SAVE Repayment Strategy for Doctors

The SAVE repayment plan can be a great option for physicians with lower incomes, especially if they have higher student loan balances. This route can also be a good fit for doctors who aren’t going the PSLF route and want to tackle their student loans effectively so that they can jump start their retirement savings and wealth building.

If you have a large family, the SAVE plan might also be a good option, as the poverty threshold used to calculate your discretionary income is based on family size.

An important caveat to note: beginning on July 1, 2024, you will no longer be able to leave the SAVE repayment plan for another income-driven repayment option after you’ve made 60 payments. This is a factor to consider if you expect your income to increase significantly over the next several years, especially if your income will exceed your federal student loan debt balance.

If you aren’t eligible for or not interested in the PSLF route, tackling your balance aggressively to save on years of accruing interest is another popular route if you find your SAVE payments snowballing as your income increases.

Another option to consider outside of the PSLF is refinancing your federal student loans to a private student loan with a lower interest rate.

Using the SAVE repayment plan for your medical school loans puts you on a 25 year repayment timeline versus a 20-year plan with PAYE, which can keep you in debt longer, keeping your actual discretionary income available tied up in repayments. If you’re able to pay off your loans faster and aren’t on the PSLF track, the SAVE payment may not be the best option for you.

Alternative Student Loan Repayment Plan Options

Below, we compare some of the other repayment plan options outside of the PAYE and SAVE plans that exist to help you figure out which might be the best option for your situation.

New IBR (Income-Based Repayment) Plan

The New IBR has similar characteristics as the PAYE plan and can be a good fit for physicians who fit the criteria for the PAYE plan but miss the phase out eligibility deadline to sign up.

Under the New IBR, partial financial hardship is required. In addition, you must borrow loans after the important July 1, 2024 deadline. This is a key requirement in this distinction between the PAYE and New IBR plans.

If you meet this requirement, the monthly repayment calculation is the same as for PAYE, and you will still have a payment cap as your income increases.

As a reminder, the 10 year standard payment cap means the government limits your payments so that even if your income increases, your payments never go higher than what you’d pay on the Standard Plan, where payments are set to a fixed amount that ensures your loans are paid off within 10 years (within 10 to 30 years for Consolidation Loans).

Old IBR (Income-Based Repayment) Plan

There is also an “old” IBR that applies for loans before the July 1, 2024 eligibility requirement, but under this plan, your monthly repayment amount is calculated at 15% of your discretionary income. Thus, the old IBR plan typically has higher monthly payments than the other options discussed, except for the ICR plan below.

Discretionary income under Old IBR is the same as PAYE and New IBR:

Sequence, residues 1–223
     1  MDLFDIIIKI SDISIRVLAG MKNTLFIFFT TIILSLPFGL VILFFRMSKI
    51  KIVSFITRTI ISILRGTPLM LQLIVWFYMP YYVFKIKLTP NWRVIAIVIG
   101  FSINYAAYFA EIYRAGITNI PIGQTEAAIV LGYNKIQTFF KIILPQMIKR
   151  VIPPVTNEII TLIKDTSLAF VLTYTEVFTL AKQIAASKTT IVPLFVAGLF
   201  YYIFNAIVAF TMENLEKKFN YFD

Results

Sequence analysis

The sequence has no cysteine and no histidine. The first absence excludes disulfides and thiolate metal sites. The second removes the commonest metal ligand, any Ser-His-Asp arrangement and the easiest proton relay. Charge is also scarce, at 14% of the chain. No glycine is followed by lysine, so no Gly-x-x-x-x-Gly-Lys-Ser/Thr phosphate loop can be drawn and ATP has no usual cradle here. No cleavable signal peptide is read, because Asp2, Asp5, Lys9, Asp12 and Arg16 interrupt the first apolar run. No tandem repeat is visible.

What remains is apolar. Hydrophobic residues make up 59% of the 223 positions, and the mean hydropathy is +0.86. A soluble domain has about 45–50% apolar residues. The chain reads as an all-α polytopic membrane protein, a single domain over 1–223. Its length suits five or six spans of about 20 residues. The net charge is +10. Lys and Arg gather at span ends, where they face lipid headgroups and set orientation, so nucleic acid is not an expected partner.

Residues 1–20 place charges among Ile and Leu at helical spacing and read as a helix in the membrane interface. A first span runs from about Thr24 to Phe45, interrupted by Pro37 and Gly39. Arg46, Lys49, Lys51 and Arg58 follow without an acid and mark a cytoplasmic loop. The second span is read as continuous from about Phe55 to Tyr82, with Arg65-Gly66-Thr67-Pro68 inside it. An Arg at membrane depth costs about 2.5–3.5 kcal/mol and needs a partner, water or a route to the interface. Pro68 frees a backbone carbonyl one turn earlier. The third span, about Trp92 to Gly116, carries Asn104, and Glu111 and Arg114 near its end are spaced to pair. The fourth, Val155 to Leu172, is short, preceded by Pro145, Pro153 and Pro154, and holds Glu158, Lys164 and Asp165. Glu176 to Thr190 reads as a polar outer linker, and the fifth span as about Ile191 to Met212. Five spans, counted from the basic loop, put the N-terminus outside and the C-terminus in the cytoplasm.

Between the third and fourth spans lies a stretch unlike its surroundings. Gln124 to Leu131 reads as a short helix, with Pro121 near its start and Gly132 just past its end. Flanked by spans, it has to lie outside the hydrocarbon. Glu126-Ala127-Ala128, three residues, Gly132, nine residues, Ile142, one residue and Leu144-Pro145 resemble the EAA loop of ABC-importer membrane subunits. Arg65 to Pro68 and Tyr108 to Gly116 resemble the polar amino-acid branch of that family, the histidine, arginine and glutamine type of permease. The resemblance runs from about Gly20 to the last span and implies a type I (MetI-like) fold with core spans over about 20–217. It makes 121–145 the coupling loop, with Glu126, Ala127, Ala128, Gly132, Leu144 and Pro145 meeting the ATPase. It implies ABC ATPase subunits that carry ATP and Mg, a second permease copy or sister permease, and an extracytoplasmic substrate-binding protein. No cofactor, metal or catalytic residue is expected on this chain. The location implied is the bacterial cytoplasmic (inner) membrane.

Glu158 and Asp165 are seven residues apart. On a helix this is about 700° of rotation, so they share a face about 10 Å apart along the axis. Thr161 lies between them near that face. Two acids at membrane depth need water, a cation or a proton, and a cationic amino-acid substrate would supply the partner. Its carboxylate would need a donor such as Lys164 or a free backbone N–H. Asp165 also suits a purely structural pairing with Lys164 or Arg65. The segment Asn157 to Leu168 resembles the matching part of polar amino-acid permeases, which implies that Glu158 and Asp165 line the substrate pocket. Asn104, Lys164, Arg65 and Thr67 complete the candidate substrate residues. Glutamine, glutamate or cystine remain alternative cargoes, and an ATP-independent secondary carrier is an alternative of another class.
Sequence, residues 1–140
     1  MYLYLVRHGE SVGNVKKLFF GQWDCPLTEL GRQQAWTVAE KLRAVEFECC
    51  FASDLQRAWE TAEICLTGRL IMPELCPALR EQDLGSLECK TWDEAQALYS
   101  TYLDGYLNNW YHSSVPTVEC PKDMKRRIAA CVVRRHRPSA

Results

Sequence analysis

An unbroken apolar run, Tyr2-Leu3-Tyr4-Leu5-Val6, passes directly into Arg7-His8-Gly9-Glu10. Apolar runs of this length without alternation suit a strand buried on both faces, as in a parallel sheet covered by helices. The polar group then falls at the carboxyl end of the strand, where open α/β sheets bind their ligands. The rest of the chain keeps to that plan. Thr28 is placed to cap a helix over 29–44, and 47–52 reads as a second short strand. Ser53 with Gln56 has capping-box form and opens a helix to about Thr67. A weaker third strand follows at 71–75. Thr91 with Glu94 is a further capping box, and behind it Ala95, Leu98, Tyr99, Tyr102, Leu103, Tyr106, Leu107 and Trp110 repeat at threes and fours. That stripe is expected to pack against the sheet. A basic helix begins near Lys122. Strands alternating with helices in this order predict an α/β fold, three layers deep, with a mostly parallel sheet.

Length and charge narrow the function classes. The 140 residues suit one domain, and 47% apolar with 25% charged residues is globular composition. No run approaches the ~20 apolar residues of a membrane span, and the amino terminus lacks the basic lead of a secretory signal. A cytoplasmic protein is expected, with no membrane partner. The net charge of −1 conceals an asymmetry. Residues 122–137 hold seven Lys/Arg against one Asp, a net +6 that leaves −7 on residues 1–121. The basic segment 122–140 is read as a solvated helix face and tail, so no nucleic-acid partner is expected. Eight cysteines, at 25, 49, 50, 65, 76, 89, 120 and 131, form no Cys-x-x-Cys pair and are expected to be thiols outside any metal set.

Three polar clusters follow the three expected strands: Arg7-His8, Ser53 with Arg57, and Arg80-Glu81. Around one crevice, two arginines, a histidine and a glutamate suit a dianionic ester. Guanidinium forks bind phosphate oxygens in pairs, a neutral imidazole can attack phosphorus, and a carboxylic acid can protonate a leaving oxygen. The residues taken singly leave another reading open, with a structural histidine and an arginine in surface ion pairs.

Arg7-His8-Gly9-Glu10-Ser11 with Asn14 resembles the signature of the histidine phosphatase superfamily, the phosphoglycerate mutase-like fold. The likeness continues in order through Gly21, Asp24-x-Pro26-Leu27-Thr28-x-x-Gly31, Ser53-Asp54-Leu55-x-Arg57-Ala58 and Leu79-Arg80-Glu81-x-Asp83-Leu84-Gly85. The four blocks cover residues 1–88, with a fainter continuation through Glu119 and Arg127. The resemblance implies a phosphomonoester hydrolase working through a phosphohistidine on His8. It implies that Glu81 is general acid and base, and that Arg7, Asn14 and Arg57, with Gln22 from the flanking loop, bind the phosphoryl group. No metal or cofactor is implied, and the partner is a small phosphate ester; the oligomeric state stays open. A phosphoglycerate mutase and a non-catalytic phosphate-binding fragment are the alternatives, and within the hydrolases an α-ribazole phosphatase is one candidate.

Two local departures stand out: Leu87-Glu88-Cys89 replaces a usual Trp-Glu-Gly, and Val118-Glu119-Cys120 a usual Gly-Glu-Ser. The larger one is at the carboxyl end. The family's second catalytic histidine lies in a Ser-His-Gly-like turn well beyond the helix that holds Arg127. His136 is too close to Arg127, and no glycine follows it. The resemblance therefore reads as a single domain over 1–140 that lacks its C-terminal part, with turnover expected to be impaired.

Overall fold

Discretionary income = AGI - 1.5 * poverty threshold

The payment cap still applies. As a reminder, the 10 year standard payment cap means the government limits your payments so that even if your income increases, your payments never go higher than what you’d pay on the Standard Plan, where payments are set to a fixed amount that ensures your loans are paid off within 10 years (within 10 to 30 years for Consolidation Loans).

ICR (Income Contingent Repayment) Plan

The same holds true for the ICR plan, except it bumps the percentage to 20% of your discretionary income. The monthly payment cap is slightly different, under a 12-year standard repayment amount versus the 10-year for PAYE and both IBR plans. Discretionary income is also calculated at a lower rate:

Discretionary income = AGI - poverty threshold

 The ICR is generally the highest monthly payment amount required under the different plans.

Summary overview of the eligibility requirements and payment and forgiveness structure for student loan repayment plans

Refinancing Options for Student Loans

If you aren’t going the PSLF route and hope to minimize the impact of your student loans on your financial future, refinancing to private student loans if you can get a better interest rate can be a great way to save money while tackling the debt. A lower interest rate can help increase the amount of your monthly payment that goes to lowering your balance versus paying accruing interest on the loan. Additionally, if you're in the Financial Independence, Retire Early (FIRE) camp, you may not want large monthly payments for decades, as this can stretch your budget in retirement.

Unlike refinancing a house, student loan refinancing usually doesn’t cost you anything in terms of closing costs, so there isn’t a downside to refinancing if you aren’t eligible for forgiveness and plan to pay time off quickly versus extending the life of your loans with refinancing. You will just need to spend a little time researching interest rates to make sure it’s a better deal versus what you already have. Remember that if you refinance your student loans, you lose access to the federal programs.

As interest rates (hopefully!) continue to drop, refinancing at a lower interest rate can also help you leverage your income for investing more toward retirement. We’ve spoken about this trade off and debate as it pertains to paying off your home early or investing the money instead. You can use a similar evaluation for your student loans.

PSG Perk: We have partnered to help you find resources to refinance your student loans. Many of our partners also offer special perks and discounts exclusively to PSG members. Visit our student loan refinancing resources page to explore the options available.

Additional Student Loan Resources for Physicians

If you’re exploring student loan repayment options for the first time, or considering changing your strategy as options or your situation have changed, check out additional student loans and early career resources we have for physicians: